Vail Daily letter: True Holocaust
Vail, CO, Colorado
I have been hearing the word “Holocaust” being bantered about an awful lot lately by some of the pseudo-pundits on radio, television and in Congress to describe certain issues such as immigration and health care (or the lack of it for the uninsured).
About 10 years ago I met a wonderful woman by the name of Magda Herzberger. I would see her about once a year and she would start the conversation by telling me of her experiences over that past year. Magda is a Holocaust survivor and has written a book and poems about her life and experiences. She is a demure reserved woman.
One day I decided to Google “Magda Herzberger” and to my horror, I was shocked to find out that at the age of 18 she was in the Bergen-Belsen concentration camp, where her job was to dispose of thousands of dead bodies in the camp. Magda has written a book entitled “Survival.” It is about her life experiences during the Holocaust.
Yesterday I met with my cousin Esther, whom I have not seen for over 50 years. I had been thinking of her recently because she too was a Holocaust survivor. I guess hearing that word “Holocaust,” used pretty freely lately, triggered something in my memory. It took me days on “Ancestry.com” to track her down and I still don’t know how I finally got to her, but I did. Esther was born in the woods in Poland during the Nazi occupation. If you have seen the movie “Defiance,” you will understand what these people endured for years while hiding from the Nazis.
Esther’s sister, Sarah, was fortunate to have been kept by a sympathetic non-Jewish family from about 1943 until the end of the war. After the war ended, Esther and her family were kept in a camp in Germany for awhile, where they were still subjected to the terrors of anti-Semitism.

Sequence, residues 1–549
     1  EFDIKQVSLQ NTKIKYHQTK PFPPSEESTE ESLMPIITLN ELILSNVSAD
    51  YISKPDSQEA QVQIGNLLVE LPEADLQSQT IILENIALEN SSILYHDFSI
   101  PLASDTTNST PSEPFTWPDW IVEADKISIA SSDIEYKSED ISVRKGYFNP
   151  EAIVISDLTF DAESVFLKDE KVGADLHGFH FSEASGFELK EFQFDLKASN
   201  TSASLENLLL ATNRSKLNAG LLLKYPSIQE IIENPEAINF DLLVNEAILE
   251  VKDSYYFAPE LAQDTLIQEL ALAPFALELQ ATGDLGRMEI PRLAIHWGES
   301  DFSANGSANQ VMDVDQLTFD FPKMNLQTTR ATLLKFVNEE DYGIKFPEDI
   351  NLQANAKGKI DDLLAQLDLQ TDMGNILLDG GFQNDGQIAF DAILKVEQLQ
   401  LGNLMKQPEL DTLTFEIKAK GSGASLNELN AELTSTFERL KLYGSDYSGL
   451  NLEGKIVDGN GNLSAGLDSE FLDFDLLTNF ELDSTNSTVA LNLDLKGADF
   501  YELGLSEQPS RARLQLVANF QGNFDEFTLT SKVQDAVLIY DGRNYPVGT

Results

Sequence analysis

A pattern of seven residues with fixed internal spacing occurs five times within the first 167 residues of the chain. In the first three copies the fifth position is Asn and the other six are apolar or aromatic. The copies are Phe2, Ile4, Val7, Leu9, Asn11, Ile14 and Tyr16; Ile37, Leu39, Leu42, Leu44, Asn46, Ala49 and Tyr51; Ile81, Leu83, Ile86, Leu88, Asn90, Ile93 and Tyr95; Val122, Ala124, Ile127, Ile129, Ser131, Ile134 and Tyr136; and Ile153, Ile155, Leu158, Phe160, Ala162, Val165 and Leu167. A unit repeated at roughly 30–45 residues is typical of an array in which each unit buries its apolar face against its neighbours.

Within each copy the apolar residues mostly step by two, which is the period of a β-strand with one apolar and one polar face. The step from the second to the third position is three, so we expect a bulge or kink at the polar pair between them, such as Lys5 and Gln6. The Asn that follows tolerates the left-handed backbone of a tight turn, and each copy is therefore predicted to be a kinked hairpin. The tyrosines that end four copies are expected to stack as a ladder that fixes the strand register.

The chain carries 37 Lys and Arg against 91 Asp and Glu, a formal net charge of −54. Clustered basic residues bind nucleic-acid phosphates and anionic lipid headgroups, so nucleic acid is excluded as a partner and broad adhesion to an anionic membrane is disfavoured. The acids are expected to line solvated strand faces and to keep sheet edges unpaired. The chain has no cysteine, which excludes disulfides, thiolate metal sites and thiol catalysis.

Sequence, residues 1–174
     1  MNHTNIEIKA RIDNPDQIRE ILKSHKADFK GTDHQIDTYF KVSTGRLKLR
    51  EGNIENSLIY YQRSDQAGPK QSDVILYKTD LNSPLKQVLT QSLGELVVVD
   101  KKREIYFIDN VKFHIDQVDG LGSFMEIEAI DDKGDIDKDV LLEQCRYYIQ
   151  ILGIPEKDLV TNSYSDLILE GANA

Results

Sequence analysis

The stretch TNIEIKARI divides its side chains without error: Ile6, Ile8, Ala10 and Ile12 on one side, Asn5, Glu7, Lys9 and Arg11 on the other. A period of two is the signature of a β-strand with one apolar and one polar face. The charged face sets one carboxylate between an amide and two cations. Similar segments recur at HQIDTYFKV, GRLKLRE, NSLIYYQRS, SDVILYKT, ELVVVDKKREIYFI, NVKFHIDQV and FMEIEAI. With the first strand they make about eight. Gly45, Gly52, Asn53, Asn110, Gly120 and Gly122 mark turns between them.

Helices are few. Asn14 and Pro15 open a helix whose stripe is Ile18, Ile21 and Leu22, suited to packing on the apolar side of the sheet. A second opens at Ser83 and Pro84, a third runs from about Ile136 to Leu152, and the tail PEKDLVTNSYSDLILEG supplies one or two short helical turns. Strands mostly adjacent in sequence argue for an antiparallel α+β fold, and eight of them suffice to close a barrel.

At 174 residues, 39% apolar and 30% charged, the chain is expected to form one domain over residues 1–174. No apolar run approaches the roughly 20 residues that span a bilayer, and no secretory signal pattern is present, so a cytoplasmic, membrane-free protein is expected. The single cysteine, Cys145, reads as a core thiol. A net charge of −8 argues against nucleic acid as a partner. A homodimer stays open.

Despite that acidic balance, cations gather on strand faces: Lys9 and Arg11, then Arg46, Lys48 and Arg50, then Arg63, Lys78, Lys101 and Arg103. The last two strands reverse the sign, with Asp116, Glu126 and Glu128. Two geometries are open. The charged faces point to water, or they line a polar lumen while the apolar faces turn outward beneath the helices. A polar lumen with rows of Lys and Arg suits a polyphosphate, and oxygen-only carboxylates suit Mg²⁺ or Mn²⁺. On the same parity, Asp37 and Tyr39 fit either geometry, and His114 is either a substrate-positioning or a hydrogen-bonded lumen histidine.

She then told me how it felt to come to America, the land of the free and the land of opportunity where her mother and father worked tirelessly to provide for the family.
During the Nazi Holocaust, 6 million Jews were exterminated through gasing and the mutilation of medical experiments. Along with those 6 million Jews were Christians, Gypsies, the infirm and a myriad of others.
The reason I am writing this letter to the editor is that what the Nazis perpetrated on the Jews and others during World War II and the horror occurring today in Darfur are the only examples of “man’s inhumanity to man” deemed a Holocaust that I believe are on modernday record.
To that point, you may be in agreement with the new immigration laws in Arizona or you may disagree with the new laws, but to liken those laws or that lack of health care to the uninsured to the Holocaust is both unconscionable and disrespectful to those who have truly suffered that end.
Dr. Michael Schneider